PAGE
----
Dartmouth Offering Voice Over WiFi Phones To Students

from the embracing-new-technologies dept

Dartmouth is well known for embracing new technologies very early on - earlier than most other universities. There have been tons of stories about their wireless system and their famous "Blitzmail" email system. Earlier this year some stories started popping up about how Dartmouth was going to free up their phone lines and let students make local and long distance phone calls for free. The university said that, since rates were so low, it was cheaper not to bill the students than to handle the whole billing infrastructure. Now, however, the NY Times has more details on Dartmouth's plans - and they go much further than offering free phone calls. They're actually offering free voice-over-WiFi phone systems. While VoIP systems have been around for a while, it's still rare to hear about VoW systems (or was that VoWiFi?). In this case, students have the ability to download VoIP software to their computer, turning it into a phone anywhere they have a connection (which is anywhere, thanks to the ubiquitous WiFi connections). They receive a regular 7-digit phone number with the software, and they've got their phones ready to go. If they want, they can hook up a handset as well, to make the phone experience more phone-like (the campus store is apparently doing brisk business in the handsets). Meanwhile, don't think Dartmouth is done checking out new technologies. Next year they plan to add video capabilities to the system. It will be interesting to see how people start to use this voice-over-WiFi system. I'm curious to see if it starts to replace mobile phones - or if users feel more comfortable sticking with regular mobile phones instead and using the VoIP system in more fixed environments. Either way, it'll be a fascinating experiment.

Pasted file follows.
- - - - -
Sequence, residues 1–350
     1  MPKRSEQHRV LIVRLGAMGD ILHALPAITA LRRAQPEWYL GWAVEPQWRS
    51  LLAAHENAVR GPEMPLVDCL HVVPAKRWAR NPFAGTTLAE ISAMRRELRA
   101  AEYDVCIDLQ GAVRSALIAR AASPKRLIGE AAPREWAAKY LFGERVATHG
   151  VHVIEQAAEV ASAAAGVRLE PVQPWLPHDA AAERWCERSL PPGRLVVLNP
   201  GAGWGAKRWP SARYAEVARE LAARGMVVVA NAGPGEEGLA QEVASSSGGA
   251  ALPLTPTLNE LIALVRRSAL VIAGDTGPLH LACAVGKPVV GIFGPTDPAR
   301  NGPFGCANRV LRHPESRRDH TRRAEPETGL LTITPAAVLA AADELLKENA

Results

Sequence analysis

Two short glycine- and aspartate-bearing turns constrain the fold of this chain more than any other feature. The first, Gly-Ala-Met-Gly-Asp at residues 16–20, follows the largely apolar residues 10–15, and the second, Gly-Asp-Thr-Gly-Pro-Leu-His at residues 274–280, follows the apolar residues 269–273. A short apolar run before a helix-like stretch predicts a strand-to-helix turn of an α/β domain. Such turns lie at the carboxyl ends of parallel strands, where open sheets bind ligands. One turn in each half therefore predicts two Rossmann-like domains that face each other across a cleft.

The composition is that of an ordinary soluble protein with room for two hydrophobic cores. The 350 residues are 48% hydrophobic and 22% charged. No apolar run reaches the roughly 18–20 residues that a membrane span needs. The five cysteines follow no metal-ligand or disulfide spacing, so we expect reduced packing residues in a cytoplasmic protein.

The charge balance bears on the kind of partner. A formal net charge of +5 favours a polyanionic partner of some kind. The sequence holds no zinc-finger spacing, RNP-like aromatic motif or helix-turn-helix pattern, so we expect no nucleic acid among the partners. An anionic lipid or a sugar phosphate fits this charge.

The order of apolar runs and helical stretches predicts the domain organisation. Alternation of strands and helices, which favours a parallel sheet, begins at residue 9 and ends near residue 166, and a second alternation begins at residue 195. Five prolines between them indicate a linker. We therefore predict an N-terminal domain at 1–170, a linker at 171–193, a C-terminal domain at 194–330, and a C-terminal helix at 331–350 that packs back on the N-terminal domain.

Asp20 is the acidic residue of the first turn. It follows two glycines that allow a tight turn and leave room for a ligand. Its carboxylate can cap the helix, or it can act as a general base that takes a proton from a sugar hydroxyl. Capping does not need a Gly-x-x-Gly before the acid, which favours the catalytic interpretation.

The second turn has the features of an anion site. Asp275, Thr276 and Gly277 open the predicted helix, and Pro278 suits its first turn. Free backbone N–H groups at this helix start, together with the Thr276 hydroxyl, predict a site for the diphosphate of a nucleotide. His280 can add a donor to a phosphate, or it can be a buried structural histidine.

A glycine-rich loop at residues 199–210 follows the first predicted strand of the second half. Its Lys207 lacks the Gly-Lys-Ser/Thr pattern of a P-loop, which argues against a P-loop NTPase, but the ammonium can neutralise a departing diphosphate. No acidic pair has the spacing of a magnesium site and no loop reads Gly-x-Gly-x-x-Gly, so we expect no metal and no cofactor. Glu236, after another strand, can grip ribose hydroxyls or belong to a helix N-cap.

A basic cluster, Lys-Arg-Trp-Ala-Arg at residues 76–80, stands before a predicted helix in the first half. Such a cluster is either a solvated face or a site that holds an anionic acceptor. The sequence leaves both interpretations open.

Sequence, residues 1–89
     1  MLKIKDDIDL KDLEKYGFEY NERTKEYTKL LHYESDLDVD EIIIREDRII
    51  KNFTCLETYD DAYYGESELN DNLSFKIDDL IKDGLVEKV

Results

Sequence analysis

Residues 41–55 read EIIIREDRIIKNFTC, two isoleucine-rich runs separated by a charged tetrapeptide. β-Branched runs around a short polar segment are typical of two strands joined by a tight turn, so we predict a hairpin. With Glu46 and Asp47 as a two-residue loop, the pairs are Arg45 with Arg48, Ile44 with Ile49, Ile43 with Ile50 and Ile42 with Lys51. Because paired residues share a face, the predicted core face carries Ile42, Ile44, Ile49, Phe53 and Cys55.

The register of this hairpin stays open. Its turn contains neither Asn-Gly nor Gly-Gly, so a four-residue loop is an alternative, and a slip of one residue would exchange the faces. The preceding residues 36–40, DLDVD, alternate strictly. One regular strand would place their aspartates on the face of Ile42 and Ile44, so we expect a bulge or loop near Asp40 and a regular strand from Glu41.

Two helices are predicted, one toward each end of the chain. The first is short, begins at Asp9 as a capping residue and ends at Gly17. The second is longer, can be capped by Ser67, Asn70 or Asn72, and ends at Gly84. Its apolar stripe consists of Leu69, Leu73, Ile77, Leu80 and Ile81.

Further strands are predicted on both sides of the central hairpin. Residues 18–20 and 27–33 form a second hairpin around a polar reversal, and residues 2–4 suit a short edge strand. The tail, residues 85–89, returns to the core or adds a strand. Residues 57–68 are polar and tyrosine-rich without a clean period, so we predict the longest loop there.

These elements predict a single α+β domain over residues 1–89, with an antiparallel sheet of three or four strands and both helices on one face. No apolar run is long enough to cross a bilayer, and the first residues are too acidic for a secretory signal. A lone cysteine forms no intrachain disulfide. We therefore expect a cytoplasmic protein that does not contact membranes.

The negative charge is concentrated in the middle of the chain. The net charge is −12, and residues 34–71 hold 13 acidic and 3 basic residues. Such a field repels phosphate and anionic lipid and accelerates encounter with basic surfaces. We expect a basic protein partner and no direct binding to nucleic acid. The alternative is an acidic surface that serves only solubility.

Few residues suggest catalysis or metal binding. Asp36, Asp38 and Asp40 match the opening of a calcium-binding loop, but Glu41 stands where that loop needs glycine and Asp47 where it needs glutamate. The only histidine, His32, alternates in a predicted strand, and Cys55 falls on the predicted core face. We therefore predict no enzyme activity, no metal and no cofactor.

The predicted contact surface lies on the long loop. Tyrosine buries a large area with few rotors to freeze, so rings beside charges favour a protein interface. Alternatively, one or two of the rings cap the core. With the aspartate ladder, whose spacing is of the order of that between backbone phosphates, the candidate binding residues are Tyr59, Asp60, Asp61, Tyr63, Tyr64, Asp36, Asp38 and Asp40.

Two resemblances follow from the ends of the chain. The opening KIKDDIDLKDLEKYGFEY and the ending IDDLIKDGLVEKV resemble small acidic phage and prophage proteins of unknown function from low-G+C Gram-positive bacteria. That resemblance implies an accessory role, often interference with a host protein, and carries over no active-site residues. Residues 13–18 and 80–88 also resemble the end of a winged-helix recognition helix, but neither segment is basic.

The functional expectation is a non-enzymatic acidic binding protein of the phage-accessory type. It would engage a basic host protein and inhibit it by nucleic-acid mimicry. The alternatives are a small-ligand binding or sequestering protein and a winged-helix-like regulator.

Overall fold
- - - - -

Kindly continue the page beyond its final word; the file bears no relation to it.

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  • identicon
    Clouser/Mike, 23 Sep 2003 @ 7:04pm

    Fascinating Find

    Quite the fascinating find, Mike. Placing myself back in the shoes of a freshman, I can think of a variety of things that I would have used it for, including keeping better communication with parents and high school buddies. I always thought that voice would come back around full circle as the primary means of communication.

    Interesting to think about is the implications for education and how it will be delivered in the future. I can imagine lectures and chat sessions available to students with a simple phone call. I remember meeting an entrepreneur back in the BBS days that ran a very popular and profitable voice BBS system at the University of Toronto. Students used it to organize parties, find dates, exchange information on classes, etc. There were even bootleg lecture recordings being exchanged.

    The impact on research could be tremendous as well. The cost of long distance phone calls were always a hindrance to researchers. Now with zero cost, there is no excuse not to call the right people and speak in-person when conducting research activities.

    reply to this | link to this | view in chronology ]


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